Some news is so bad that it just can’t be spun. John Wall, sidelined after undergoing surgery on his left heel last month, ruptured his left Achilles’ tendon after “slipping and falling in his home,” the Washington Wizards announced Tuesday. Wall is expected to miss at least 12 months after he undergoes another surgery, sidelining him for most if not all of next season.

Wall’s latest injury might very well become a crossroads moment for not just the Wizards but for his longtime backcourt partner, Bradley Beal, who may be reaching a breaking point over yet another step backward for the franchise.

As for Wall, it could lead to a permanent downturn in his career.

Unlike DeMarcus Cousins, who is back on the court one year after his own Achilles’ tear, Wall isn’t a center and he doesn’t play for a superteam that can cover up his shortcomings and reduce his role. Wall is a point guard whose speed and athleticism have compensated for an inconsistent jump shot, and he plays for the middling Wizards, who have long relied on his ballhandling, playmaking and pace-setting. Although Wall is just 28, it’s fair to wonder whether this injury will permanently remove him from the tier of all-star guards. Will he still be able to zip past defenders? Will his body hold up to a heavy workload after so many surgeries? Will he ever be able to stay healthy for a full season again?

Those are painful questions to ponder, the same ones faced by the likes of Brandon Roy and Derrick Rose. In the short term, the Wizards have no off-ramp. Wall is set to enter the first year of a four-year, $169.3 million “supermax” contract extension in 2019-20, and the size and scope of that deal, coupled with his recurring injuries, makes him untradeable for the foreseeable future.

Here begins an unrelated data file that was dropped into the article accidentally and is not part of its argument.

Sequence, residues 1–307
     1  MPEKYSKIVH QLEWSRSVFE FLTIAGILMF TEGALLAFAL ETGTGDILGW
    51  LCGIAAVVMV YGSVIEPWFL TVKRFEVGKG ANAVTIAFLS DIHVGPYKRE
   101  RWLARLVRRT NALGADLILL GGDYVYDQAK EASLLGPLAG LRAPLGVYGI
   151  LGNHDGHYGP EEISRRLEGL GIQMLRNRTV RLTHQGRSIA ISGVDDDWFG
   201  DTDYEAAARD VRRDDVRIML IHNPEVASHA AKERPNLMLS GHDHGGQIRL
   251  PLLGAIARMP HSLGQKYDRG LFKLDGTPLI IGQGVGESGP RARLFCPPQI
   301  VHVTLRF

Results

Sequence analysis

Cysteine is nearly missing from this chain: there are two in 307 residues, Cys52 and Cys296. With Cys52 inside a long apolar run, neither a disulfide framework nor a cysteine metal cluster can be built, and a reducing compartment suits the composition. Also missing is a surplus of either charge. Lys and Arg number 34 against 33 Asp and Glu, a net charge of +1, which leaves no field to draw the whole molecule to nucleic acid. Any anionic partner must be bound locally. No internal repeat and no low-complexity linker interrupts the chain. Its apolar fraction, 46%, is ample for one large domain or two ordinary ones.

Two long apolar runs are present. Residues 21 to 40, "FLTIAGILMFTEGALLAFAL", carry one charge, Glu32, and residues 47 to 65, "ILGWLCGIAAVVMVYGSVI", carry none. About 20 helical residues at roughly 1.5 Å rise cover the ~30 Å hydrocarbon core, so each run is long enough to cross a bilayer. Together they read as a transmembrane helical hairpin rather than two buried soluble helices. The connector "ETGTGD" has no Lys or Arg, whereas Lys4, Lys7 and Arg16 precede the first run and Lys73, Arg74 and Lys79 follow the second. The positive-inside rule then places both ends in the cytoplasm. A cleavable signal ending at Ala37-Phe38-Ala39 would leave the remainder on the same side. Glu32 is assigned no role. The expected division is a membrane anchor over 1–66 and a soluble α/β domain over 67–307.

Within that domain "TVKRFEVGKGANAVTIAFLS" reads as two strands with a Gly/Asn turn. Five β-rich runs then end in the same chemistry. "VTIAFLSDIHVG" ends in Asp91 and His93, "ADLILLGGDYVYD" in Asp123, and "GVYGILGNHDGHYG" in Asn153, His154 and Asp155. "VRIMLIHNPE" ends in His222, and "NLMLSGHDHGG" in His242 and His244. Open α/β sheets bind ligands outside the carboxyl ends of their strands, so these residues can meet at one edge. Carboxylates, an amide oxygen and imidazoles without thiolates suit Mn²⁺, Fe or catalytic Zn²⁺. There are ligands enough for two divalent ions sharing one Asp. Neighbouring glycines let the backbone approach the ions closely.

While Wall and the Wizards have no choice but to persevere through his recovery, the same can’t be said for Beal. The 25-year-old shooting guard has capably stepped up in Wall’s absence, averaging 24.8 points to earn his second straight all-star selection. Yet the roster around him lacks talent, chemistry and verve, placing the Wizards in a no man’s land between the bottom of the East’s playoff bracket and the Zion Williamson sweepstakes. Making matters worse, team owner Ted Leonsis has repeatedly said he will not tank, thereby cutting off the simplest path to landing meaningful help for Beal through the draft.

As Anthony Davis, Kristaps Porzingis and Jimmy Butler have taken their careers into their own hands by requesting trades, Beal may conclude it’s time for him to consider the same approach. He’s in his prime, his franchise has struggled, and now his front office is boxed in by Wall’s injury and its insistence on chasing a meaningless postseason appearance.

Beal has carried Washington for two forgettable years — often logging obscene minutes to overcome the shortcomings around him — and the outlook only gets grimmer once Wall’s new megadeal kicks in. If Dwight Howard was an underwhelming summer acquisition, imagine how much bleaker it will get once Wall’s $37.8 million contract is clogging the books this summer.

There’s that old line: Once is chance, twice is coincidence, the third time is a pattern. Wall’s health problems sabotaged the 2017-18 season, they are submarining the ongoing 2018-19 season, and now they threaten the 2019-20 campaign 10 months before it will officially begin. For Beal, the question becomes: Why wait and worry about a fourth occurrence when there are greener pastures?

Beal’s contract pays him $56 million over the next two seasons, a fair price for a star. His trade value should be substantial this summer, given that suitors know they would be acquiring a proven piece in his prime years who won’t be a flight risk until July 2021.

While Washington has been protective of Beal in trade talks to this point — and rightfully so — he hasn’t yet forced the issue. The New Orleans Pelicans, New York Knicks and Minnesota Timberwolves have all had to explore trade proposals after receiving clear signals from their stars. If Beal joined that chorus come July, what recourse would Washington have but to move him for the best possible deal?

Perhaps Beal is blessed with impeccable patience, pure loyalty and an unyielding faith in the Wizards’ front office. Perhaps not. Tuesday’s injury news makes this much clear: Beal might get to be the face of the franchise, but the Wizards won’t truly be his team as long as he’s playing in the shadows cast by Wall’s injuries and contract. How long will he be okay with that?

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